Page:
September 25th, 2016

Debt ‘will be reduced’

Debt ‘will be reduced’ Debt ‘will be reduced’
Updated: 10:03 am, May 07, 2015

I NOTICE that you often state that the national debt is going down.

Please could you explain why you think getting the National Debt down is a good thing when this only reflects that the people of the UK have no spare money to spend on things they want to buy whilst the people of other countries have.

Surely, the important debt is the Government debt, which requires us all to pay more taxes in return for less services to pay the interest on the government’s borrowing.

I see from The Telegraph that this has increased from £811 billion in 2009 to £1451 billion in 2014. When are you going to deal with this extremely urgent issue?

Margot Bish

via email

WHEN we talk of national debt, this is the same as Government or Public Sector debt. They are the same thing.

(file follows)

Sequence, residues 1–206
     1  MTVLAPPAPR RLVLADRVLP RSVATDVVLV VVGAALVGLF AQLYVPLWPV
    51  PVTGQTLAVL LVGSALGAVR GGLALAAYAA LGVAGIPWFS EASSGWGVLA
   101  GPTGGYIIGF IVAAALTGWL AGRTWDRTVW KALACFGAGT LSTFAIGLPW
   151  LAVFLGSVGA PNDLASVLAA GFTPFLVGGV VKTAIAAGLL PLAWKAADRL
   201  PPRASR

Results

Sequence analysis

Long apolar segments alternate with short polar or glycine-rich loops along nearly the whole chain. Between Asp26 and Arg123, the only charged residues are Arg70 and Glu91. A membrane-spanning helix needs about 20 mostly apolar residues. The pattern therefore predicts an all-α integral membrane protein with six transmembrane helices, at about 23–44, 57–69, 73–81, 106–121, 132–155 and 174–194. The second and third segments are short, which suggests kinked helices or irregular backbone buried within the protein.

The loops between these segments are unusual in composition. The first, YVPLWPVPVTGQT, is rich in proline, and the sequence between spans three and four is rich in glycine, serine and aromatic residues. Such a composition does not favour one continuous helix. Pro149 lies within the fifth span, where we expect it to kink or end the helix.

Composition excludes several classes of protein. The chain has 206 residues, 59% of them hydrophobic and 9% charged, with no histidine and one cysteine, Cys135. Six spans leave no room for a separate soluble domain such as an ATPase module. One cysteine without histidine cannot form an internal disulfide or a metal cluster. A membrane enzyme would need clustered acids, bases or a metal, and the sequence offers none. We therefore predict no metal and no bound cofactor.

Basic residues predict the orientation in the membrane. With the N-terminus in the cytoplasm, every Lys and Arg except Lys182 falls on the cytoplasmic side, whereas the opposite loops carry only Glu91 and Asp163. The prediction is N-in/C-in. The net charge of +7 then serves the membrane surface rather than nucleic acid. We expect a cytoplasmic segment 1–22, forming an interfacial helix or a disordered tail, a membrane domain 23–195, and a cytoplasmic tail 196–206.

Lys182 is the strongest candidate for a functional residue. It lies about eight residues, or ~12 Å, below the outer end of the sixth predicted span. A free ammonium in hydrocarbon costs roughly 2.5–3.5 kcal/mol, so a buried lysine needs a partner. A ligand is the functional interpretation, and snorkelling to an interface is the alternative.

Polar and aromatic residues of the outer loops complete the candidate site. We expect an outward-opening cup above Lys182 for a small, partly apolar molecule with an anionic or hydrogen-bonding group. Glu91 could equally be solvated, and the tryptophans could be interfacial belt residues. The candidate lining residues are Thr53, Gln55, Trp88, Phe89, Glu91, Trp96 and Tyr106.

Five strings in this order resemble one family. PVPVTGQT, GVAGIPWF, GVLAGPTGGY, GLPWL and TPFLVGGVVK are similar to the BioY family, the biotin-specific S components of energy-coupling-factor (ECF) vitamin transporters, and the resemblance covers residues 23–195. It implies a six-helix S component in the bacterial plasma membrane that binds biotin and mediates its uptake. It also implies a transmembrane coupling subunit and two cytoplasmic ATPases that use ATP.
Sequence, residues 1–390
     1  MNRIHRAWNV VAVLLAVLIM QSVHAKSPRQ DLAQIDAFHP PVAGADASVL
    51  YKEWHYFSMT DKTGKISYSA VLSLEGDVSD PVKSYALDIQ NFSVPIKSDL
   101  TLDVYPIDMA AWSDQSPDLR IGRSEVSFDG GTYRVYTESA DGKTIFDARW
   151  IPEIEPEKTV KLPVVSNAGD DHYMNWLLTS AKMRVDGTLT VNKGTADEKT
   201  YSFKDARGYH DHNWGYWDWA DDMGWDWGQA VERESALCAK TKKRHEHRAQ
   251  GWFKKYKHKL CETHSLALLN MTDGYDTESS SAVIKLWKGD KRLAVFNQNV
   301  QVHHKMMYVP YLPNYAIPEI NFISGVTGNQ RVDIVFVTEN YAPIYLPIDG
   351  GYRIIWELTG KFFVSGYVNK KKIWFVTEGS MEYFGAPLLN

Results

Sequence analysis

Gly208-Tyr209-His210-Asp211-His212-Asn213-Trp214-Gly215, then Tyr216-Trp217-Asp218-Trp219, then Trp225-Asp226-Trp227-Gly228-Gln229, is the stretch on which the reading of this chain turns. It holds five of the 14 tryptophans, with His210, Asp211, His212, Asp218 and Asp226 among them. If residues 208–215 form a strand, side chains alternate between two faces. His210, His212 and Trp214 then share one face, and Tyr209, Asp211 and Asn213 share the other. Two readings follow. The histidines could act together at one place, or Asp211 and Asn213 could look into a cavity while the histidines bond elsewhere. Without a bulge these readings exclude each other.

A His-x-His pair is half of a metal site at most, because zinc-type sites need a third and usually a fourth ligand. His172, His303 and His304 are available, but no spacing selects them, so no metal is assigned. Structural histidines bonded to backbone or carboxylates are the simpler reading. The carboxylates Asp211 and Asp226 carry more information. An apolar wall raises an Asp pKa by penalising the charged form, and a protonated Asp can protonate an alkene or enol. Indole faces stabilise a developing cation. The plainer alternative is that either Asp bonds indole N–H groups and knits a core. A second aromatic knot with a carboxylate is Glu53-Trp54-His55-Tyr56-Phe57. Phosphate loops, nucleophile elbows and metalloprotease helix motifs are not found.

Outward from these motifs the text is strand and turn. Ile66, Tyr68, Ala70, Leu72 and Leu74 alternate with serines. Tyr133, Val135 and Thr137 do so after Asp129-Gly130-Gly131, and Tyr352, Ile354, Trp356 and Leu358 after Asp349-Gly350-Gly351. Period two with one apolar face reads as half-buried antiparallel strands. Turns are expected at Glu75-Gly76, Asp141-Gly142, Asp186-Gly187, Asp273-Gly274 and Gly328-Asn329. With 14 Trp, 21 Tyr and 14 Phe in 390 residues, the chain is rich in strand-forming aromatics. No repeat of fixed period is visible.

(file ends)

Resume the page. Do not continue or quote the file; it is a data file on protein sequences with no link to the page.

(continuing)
The national debt simply refers to the amount of money owed by the UK Government. This is the debt that has been built up over many years by many governments – the running total if you like. The latest forecasts show that debt is forecast to peak at 81.1 per cent of GDP in 2015-16, before falling each year and reaching 72.8 per cent of GDP in 2019-20.

The budget deficit, or surplus, is the difference between the government’s everyday expenses and its revenues; in other words, between what it spends and what it receives.

There was a surplus every year between 1947 and 1974, but since 2001 the Government has spent significantly more than it receives.

The simple fact of the matter is the only way to deal with the debt is to reduce the deficit, debt cannot be reduced until the deficit is brought down and we start to run a surplus again.

While there is still more to do and many difficult decisions lie ahead, the Government is sticking to its plan and the deficit is forecast to have fallen by a half by the end of 2014-15.

It is set to continue falling until moving into a surplus of 0.2 per cent of GDP in 2018-19.

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